A Narrative History
The People of Iowa
SPECIAL TREATMENT OF THEIR CHIEF ENTERPRISES IN
EDUCATION, RELIGION, VALOR, INDUSTRY,
EDGAR RUBEY HARLAN, LL. B., A. M.
Curator of the
Historical, Memorial and Art Department of Iowa
THE AMERICAN HISTORICAL SOCIETY, Inc.
Chicago and New York
MRS. HARRY P. KEYHOE is a women of whom the City of Ottumwa is particularly
proud, reflecting her intellectual gifts and more than that her splendid
devotion to work and to organizations that reflect the enlightenment and
spiritual progress of the city.
Mrs. Keyhoe is the wife of Mr. Harry P. Keyhoe, who was born at Beverly,
Ohio, a son of Ephraim and Malvina (Gilmore) Keyhoe. he settled at Ottumwa in
1876, and for many years has been a master mechanic and active in the business
life of the city. For eight years he served on the City Council.
Mrs. Keyhoe's maiden name was Dora Smith. She was born in Des Moines
County, Iowa, and was married to Mr. Keyhoe in June, 1885. Her father, John B.
Smith, was born in 1835 and came to Iowa about 1855. he married Margery Helfer,
who was born in 1830. John B. Smith was a pioneer educator and was the
first instructor to bear the title of principal in Ottumwas schools.
Mrs. Keyhoe graduated from the Ottumwas High School in 1880. All through
the years she has been a student of literature and history and is recognized as
an authority on the history of Wapello County and of the state at large.
Frequently she has delivered addresses on Iowa history before organizations in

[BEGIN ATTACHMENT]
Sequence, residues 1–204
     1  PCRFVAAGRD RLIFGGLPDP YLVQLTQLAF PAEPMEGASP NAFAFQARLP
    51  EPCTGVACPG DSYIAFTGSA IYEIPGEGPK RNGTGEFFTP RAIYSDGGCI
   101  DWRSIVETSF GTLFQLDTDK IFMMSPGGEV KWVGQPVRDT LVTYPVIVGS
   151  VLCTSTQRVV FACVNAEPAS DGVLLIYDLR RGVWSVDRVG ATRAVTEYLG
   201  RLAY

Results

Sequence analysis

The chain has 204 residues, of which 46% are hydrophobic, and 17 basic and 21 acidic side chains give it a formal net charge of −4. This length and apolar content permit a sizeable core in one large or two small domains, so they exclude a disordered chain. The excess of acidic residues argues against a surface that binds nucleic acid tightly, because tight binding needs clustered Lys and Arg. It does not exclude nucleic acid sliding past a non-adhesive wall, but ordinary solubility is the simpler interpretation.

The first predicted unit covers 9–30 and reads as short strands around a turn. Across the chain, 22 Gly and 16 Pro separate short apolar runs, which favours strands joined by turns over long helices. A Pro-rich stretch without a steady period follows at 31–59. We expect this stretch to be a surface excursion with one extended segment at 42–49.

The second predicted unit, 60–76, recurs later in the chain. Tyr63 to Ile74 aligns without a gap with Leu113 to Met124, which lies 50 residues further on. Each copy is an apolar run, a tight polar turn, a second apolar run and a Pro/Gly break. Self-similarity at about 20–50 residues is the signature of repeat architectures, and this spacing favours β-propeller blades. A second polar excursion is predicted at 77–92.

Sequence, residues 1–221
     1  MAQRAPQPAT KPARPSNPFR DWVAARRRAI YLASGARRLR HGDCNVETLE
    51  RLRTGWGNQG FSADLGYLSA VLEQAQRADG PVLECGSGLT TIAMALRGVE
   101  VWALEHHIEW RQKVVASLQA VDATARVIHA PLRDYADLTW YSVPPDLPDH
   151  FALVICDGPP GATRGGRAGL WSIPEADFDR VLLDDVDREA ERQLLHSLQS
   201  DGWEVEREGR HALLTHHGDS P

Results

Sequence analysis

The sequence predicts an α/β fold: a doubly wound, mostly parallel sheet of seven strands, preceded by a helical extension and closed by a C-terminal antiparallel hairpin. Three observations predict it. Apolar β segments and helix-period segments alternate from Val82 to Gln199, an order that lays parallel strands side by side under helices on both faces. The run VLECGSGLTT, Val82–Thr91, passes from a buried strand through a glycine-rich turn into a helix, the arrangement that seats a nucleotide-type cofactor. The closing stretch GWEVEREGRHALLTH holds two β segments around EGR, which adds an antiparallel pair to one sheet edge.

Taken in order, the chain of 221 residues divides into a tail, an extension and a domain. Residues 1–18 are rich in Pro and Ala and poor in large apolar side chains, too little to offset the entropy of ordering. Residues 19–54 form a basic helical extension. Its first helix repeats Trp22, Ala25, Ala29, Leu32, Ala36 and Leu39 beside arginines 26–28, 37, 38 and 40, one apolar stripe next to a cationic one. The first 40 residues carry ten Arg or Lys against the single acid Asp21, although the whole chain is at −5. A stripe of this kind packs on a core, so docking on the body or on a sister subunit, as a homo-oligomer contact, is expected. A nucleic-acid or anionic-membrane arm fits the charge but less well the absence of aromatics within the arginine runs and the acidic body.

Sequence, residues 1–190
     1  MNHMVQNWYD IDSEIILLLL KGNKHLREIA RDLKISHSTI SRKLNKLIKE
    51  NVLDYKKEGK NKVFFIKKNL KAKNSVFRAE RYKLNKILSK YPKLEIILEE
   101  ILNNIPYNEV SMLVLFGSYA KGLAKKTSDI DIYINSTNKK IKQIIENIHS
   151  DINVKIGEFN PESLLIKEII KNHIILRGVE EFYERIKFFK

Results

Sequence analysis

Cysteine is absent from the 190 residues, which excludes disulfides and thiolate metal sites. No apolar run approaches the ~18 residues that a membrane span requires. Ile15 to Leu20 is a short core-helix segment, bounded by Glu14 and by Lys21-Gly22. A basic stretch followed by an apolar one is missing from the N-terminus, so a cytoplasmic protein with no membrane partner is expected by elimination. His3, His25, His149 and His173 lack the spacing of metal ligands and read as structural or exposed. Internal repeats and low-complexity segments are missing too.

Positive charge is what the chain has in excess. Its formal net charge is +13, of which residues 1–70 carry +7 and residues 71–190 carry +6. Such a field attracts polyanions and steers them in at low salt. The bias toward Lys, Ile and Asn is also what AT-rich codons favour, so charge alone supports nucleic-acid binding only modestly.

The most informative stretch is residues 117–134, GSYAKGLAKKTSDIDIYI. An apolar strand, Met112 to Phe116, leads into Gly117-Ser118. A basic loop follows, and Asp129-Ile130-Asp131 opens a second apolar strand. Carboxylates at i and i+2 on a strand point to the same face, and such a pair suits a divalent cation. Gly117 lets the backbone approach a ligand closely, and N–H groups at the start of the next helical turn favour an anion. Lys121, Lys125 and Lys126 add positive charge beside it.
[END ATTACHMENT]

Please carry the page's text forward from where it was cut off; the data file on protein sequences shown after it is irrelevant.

different cities. As a writer she has contributed to a number of
publications. mrs. Keyhoe has been a busy homemaker, mother, and through all these
activities has maintained an intimate touch with literary and religious and civic
organizations. She is an active member of the Shakespeare Club of Ottumwa,
next to the oldest of Iowa's women's clubs. In 1928 she represented the local
chapter of the Daughters of the American Revolution at its national congress
in Washington and is a past regent of Elizabeth Ross Chapter, and at the
present time a member of the state committees of the Daughters of the American
Revolution. A service for which she is particularly honored has been through
the public library, working among children. She was prominent in organizing
and conducting the ever popular Story Hour and is known to the children as
"The Story Lady." The Republican party has frequently honored her by
appointment on various committees and as delegate to county and stare conventions, and
at the present time she is one of the three members of the Wapello County
Jury Commission. her most consecutive interest over a long period of years has
been her church. For forty years or more she has been a teacher in its
Sunday School, and her class of women is one of the outstanding organizations in
Mr. and Mrs. Keyhoe had a family of four children. Their daughter Winifred
is an artist and language teacher. Katherine is the wife of Baxter Smith, of
Ottumwa, and their children, the four grandchildren of Mr. and Mrs. Keyhoe,
are Baxter, Jr., Annette, Barbara and John. The other daughter is Miss
Constance. The only son, John, is deceased.
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